Editor’s Note: John Defterios is CNN’s Emerging Markets Editor and anchor of Global Exchange, CNN’s business show focused on the emerging and BRIC markets. Follow John on Twitter.
The global oil market is on tenterhooks as the ISIS insurgency sweeps Iraq
Oil prices are rising as markets take in risk -- and the chances of a split Iraq
The country has huge oil reserves which have so far escaped major upset
But the insurgency has now reached Baiji, a key oil refinery
The global oil market is on tenterhooks as a result of the violent Sunni insurgency sweeping down from northern Iraq and threatening Baghdad.
Iraq has the world’s fourth-largest oil reserves and the uncertainty has pushed the price of the global benchmark, North Sea Brent, up 10% in the last two weeks to as high as $115 a barrel.
Oil has hit a nine-month high and is close to what many would consider an economic danger zone. Another $10 spike could undermine growth from the U.S. to China by pushing up the cost of transportation and production.
But the real acid test for the market is unfolding now, as the ISIS militants enter Saddam Hussein’s former territorial stronghold around the Baiji refinery. And markets are pricing in a potential supply risk – including the possibility of a divided Iraq.
Baiji is a sprawling complex with a refining capacity of 290 thousand barrels a day, according to the former head of energy studies at OPEC Saadallah Al Fathi. The battle for Baiji, with conflicting reports of who is in control, is indicative of what is wrong in Iraq. There is no cohesive national strategy that brings together Sunnis, Shiites and Kurds.
The national petroleum law has been parked within Iraq’s parliament for five years. The bill would finally establish a revenue sharing agreement for national production from the Shiite south to the Kurdish north, and eventually the under-explored south-western corner of the country.
The government of Prime Minister Nouri al Maliki, as U.S. Secretary of State John Kerry said in his bi-lateral meeting Monday, has been unable to unite Iraqis. One could argue the country’s oil bounty has been a blockade in efforts to find a resolution.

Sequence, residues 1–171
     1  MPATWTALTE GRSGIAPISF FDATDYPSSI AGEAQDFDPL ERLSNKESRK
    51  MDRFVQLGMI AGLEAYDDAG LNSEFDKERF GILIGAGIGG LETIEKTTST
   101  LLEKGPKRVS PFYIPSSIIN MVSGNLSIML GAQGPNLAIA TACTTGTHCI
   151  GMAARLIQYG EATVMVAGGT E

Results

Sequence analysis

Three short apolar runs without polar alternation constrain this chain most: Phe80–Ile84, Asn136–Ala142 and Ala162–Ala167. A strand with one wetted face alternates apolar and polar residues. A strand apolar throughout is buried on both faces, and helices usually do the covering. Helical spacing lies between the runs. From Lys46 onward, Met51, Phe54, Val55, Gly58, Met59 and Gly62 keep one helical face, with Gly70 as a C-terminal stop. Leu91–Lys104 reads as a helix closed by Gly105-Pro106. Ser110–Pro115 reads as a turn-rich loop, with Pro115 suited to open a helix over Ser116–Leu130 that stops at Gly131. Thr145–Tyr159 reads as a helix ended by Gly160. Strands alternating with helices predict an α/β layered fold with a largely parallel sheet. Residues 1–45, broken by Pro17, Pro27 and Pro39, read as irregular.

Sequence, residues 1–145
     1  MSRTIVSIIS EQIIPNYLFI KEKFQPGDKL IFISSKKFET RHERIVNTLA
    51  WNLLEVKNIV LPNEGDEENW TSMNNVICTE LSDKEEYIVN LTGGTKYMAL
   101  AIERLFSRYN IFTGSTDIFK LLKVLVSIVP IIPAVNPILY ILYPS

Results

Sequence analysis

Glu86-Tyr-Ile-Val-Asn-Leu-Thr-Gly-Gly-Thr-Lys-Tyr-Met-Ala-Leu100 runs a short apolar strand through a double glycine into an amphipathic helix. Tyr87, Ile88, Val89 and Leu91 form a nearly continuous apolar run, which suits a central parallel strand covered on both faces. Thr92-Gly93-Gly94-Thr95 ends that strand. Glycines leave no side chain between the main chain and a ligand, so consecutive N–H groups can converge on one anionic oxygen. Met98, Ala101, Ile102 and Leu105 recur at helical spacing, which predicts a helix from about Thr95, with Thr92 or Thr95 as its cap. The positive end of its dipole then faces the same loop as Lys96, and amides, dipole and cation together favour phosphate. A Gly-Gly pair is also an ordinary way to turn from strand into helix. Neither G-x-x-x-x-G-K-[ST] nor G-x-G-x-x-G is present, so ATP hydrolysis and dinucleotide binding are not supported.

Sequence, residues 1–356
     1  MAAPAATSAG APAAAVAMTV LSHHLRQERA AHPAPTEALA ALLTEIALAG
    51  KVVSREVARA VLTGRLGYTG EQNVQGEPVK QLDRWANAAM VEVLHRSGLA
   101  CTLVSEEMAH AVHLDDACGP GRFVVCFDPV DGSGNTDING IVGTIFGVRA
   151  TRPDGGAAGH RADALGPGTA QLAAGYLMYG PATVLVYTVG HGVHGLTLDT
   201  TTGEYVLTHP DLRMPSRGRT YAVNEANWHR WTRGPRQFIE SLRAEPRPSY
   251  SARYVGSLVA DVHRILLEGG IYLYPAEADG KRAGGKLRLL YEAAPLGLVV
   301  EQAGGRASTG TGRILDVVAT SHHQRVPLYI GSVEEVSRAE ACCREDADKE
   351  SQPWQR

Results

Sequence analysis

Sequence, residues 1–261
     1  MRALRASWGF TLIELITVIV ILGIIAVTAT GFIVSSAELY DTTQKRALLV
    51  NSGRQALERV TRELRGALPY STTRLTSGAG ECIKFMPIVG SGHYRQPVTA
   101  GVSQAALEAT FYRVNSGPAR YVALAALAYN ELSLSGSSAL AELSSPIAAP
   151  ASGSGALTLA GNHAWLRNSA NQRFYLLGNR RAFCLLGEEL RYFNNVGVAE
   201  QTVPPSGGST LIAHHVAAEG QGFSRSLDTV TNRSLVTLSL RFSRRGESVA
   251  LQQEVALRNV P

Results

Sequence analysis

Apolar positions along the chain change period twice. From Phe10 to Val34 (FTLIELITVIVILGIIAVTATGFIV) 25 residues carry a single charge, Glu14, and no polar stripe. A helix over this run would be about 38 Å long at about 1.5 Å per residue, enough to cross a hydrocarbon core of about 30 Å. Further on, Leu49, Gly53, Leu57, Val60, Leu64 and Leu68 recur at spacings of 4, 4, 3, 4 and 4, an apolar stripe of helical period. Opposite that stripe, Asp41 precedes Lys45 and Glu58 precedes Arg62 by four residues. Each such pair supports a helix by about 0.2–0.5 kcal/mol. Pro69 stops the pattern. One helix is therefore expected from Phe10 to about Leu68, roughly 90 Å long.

Iraq has been a growing force in the markets. The executive director of the International Energy Agency Maria van der Hoeven recently described it as a country with the last of the “easy oil.” It is not difficult to find or to produce and it is plentiful, but last week she noted its “expansion looks increasingly at risk,” in the IEA’s Medium Term Oil Market Report.
The country sits on an estimated 143 billion barrels of proven reserves. Daily output hit a 35-year high of 3.6 million barrels day this year, placing Iraq right behind Saudi Arabia, within OPEC.
Last year, Iraq’s Deputy Prime Minister for Energy Hussain Al-Shahristani told me of aspirations to hit 12 million barrels a day in the next decade, which would put it head-to-head with Gulf heavyweight Saudi Arabia. The IEA is suggesting about half of that level would be an ambitious target.
But the market is far more cautious, and is pricing in a severe interruption to those production plans. There is, indeed, a “new reality” on the ground, as Masoud Barzani, president of the Kurdish Regional Government, told U.S. Secretary of State John Kerry Tuesday.
Not knowing how the ISIS insurgency will play out, or who will control refining capacity, could favor Shiite-controlled facilities around Basra in the south and Kurdish-controlled production blocks in the north.
A “who’s who” of big oil names – Exxon Mobil, Shell, BP, Total, Lukoil of Russia and China National Petroleum – operate out of both areas. Further upset will send significant ripples through the world markets.
Executives I have spoken to say they have not yet suffered security breaches, but that they have set up private forces to protect oil assets.
The executives speak of evacuation plans that are in place, but at this stage do not believe they will be needed. But, as Barzani has said, Iraq is in a new reality.